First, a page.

Thursday, September 28, 2017

Loofahs and Chickens

 I've enjoyed my loofah plants so much, and they have reciprocated! I'm excited to report that I have about 25 loofahs. On the vine, they are dark green:

I wait until they are turning yellow before I pick them. Then I put them on the front porch to dry where it's quite warm.
 The first loofah I harvested eventually turned black. Then I cut the tip ends off and stripped all the husk and flesh off -- it's basically a very fibrous squash, and I'm trying to get down to just the fiber.
 That's the innards, the fiber, after I've let it dry for a couple of weeks. I shook its seeds out.
Seeds from one loofah are more than I received in the one seed packet I ordered. I'll never have to order seeds again!

 I then placed the dirty loofahs in a bowl with dish soap and bleach, and they soaked. See how they cleaned up?
Above is the middle section that had the most dark flesh from the "fruit" stuck to it, and there are a few specks left, but I'll get it cleaned out. I plan to sell the loofah sections at the market, perhaps with a slim rope attached. Or I'll put them into a soap batch, selling the soap with the loofah cut right into it. I've done that before, but not with loofah I've grown myself.
And now, a few chicken pictures. These are my young birds. The dark one is the rooster, Arthur.
 Aren't Sylvie's tail feathers pretty?
 This is Lady Grey. She's half silkie.
 Arthur is my friendliest bird ever. He comes quite close and seems to trust me.
 Each morning from about 8:00 till lunch, Adam is out in the big field, mowing the tall grasses down.
He's making compost, as usual.

Thursday, September 21, 2017

The End of the Snake Story

Before I launch into scary stories, here are some cool things I picked up at the local thrift store on Monday. I go on Mondays because that's when they put out new items. A large doggie carrier!
This one is collapsible, and brand new it sold for about $100. It had a rip in one of the mesh windows, which I sewed up when I got home. See the repair?
The second item I found was this little crock -- well, not so little. It holds well over a quart, I think, and it has a tight seal. $4.
And this small plant stand -- $2.
Alright, on to the snake. I went in the coop later and found that he'd left! Yay! I took my foamy spray and proceeded to close up all the holes I could find. The inside of the coop now has big growths of yellow foam, especially in that snakey corner. Out of curiosity, I decided to look around the back of the barn and see if he was back there .... He was. (See some of the foam from inside the coop, below?)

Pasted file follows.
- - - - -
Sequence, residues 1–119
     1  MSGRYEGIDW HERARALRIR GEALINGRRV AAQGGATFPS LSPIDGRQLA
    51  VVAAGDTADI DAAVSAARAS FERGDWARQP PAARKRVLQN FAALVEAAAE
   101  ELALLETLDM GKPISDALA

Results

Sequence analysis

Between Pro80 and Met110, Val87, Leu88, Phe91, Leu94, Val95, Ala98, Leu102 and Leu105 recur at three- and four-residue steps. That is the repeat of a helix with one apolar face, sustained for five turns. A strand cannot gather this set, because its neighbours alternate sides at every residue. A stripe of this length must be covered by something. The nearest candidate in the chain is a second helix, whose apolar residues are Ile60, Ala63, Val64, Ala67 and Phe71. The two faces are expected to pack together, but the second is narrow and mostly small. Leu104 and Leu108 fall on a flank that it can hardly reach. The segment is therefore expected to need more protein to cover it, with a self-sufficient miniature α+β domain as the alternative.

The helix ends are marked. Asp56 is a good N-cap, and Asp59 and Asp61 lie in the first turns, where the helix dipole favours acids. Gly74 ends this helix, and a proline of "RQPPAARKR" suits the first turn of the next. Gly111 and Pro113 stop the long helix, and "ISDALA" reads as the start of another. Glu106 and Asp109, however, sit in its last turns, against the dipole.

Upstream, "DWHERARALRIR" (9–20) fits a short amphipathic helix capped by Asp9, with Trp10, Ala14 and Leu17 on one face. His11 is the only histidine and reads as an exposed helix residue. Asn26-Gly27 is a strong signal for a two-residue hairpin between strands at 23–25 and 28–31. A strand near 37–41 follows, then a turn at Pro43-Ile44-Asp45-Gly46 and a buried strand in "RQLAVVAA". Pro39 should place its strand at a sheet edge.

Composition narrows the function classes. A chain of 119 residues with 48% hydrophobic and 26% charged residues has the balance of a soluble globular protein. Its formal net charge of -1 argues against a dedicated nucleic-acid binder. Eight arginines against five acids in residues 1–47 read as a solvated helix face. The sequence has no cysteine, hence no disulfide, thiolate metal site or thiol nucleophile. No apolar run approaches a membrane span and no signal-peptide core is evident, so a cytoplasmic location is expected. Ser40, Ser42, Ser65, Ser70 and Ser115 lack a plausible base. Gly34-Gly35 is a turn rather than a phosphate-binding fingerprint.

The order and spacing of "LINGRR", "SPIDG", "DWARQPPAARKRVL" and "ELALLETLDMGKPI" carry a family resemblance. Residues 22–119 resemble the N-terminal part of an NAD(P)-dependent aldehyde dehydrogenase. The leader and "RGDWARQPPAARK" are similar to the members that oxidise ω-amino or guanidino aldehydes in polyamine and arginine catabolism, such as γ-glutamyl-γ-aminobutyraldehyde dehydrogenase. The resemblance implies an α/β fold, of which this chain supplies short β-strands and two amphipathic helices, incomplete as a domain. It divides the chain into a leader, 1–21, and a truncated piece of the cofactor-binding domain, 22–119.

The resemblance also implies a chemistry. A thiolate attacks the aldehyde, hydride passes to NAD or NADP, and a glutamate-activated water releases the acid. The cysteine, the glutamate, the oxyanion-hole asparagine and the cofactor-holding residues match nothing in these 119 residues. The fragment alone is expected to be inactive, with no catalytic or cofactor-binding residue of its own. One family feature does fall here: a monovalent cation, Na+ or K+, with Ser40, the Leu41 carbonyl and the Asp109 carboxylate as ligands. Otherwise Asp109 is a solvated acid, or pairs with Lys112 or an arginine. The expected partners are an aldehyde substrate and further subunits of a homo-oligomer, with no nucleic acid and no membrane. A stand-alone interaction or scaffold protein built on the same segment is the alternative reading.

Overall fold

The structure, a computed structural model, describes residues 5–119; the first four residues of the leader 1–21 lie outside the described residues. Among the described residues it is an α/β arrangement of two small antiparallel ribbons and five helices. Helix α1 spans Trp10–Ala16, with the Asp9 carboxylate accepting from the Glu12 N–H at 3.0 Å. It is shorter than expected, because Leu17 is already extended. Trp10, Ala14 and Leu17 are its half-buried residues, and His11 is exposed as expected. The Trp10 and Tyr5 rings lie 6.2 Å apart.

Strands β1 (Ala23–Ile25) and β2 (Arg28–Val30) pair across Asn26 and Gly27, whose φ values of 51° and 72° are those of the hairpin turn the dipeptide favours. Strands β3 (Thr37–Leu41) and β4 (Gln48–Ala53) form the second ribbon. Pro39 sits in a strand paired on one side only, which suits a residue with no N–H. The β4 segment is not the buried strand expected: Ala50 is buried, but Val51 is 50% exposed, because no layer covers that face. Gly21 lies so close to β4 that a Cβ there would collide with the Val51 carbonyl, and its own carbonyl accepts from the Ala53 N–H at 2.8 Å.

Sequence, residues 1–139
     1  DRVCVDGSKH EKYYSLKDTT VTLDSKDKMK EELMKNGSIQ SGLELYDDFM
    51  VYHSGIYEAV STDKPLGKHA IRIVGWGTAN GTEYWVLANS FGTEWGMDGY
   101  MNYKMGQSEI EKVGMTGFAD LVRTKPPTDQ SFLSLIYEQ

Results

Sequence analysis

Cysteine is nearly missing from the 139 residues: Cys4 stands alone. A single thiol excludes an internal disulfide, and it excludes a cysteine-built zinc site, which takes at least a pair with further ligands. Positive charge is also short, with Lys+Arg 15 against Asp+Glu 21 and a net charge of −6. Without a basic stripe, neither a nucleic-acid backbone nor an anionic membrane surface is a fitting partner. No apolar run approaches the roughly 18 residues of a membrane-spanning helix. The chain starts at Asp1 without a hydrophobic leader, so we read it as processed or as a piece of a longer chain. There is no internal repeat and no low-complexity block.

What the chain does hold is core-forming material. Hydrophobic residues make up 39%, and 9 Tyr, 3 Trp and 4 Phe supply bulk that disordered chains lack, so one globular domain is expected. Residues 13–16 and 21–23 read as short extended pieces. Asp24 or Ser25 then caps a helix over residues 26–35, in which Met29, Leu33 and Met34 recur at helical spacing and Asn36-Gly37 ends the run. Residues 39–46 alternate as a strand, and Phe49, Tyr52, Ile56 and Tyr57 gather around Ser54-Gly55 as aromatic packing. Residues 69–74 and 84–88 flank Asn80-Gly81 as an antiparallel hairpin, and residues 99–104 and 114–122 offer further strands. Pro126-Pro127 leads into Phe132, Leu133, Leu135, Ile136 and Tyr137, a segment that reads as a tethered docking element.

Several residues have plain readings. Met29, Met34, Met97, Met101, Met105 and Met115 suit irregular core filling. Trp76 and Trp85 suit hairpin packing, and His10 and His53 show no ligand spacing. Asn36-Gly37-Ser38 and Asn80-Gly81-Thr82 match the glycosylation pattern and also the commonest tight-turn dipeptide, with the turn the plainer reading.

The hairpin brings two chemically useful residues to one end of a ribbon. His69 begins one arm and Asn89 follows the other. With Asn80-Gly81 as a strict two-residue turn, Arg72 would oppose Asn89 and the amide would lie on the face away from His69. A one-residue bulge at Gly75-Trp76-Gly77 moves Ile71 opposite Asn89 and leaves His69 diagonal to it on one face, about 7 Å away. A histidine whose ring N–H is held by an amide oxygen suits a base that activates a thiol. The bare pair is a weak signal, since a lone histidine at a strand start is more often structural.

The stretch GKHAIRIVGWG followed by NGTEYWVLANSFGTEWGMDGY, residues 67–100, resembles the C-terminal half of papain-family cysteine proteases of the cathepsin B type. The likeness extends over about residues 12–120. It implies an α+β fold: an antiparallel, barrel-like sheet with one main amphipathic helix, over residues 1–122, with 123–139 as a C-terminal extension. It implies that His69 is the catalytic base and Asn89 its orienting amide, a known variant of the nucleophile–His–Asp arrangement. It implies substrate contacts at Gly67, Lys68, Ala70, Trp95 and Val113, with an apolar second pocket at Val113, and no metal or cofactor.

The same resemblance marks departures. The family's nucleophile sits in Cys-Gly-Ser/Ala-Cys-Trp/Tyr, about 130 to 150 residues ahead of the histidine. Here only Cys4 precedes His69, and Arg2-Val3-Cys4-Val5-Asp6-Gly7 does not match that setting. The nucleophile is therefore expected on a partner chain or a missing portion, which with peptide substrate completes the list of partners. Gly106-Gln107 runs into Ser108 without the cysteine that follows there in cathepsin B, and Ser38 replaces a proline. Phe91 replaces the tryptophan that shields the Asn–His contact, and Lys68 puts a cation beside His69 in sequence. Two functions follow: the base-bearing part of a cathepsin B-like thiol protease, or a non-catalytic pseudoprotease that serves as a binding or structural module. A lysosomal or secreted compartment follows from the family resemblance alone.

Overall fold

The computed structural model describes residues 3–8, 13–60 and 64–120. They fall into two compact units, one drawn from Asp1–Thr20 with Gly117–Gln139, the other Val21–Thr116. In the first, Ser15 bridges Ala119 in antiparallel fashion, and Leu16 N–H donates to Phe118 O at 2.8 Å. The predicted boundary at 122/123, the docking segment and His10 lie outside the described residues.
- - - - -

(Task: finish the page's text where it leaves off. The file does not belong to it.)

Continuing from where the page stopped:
He's a good sized rat snake, I think. Probably about three feet long.
Well, I went to look, didn't scare him this time, used my zoom (of course). The dogs came back there with me. But since Ned had been horrible at finding him in the coop, I didn't there was a chance he'd find him now. Well, I was wrong. Ned did notice him, and once Ned notices a snake, there's simply no getting him away from the snake until the snake says, "Uncle!" I hollered and screamed at Ned to come away. Snakey was reared up, curved up like a mountain road, mouth agape. It tried to strike Ned, but honestly -- that dog has a real skill with snakes. I finally screamed at Ned until he left with me and went around the front of the barn. The snake had spat something at him (not sure what). It was on his collar, kind of yellow, and Baby HAD to sniff it.
I was relieved Ned had left the snake. I began walking back to the house. Then Ned turned around. I don't know if he suddenly remembered, or if his ears (so acute) heard that snake rustling around. But he dashed back around to the rear of the barn. I watched from afar. Poor Snakey. Ned finally got it in his mouth, and then he violently shakes his big dog head back and forth, stunning the snake, and then he throws it on the ground. And he barks really big. Then he picks the stunned snake up and slaps it around again. He repeats this until the snake is immobile, and usually has some serious doggie teeth marks in him. 


It's ridiculous, but in the end I feel rather sorry for the snakes, although Ned has gotten a raw end of the deal a couple times, being bitten himself. This time he at last brought the snake out to show me, laying it on Adam's compost pile.

I thought at first he was dead. He had two good bites out of his rear area. I really didn't want the dogs to continue to mangle it and carry it around the pasture, leaving it for me to step on later. Thinking it was probably dead, I lifted it gingerly with a hoe (again, the hoe came in handy!). Then it did move a bit, but I knew it was no danger to me. I threw it over the back fence, which is where we throw all snakes. It hung over a big branch, and lay there, limp. A few hours I went back to see if it still hung there ... and it did not. It had slithered away. So, who won? Ned? The snake? I think it might be a draw this time. I hope he does NOT come back for round two!!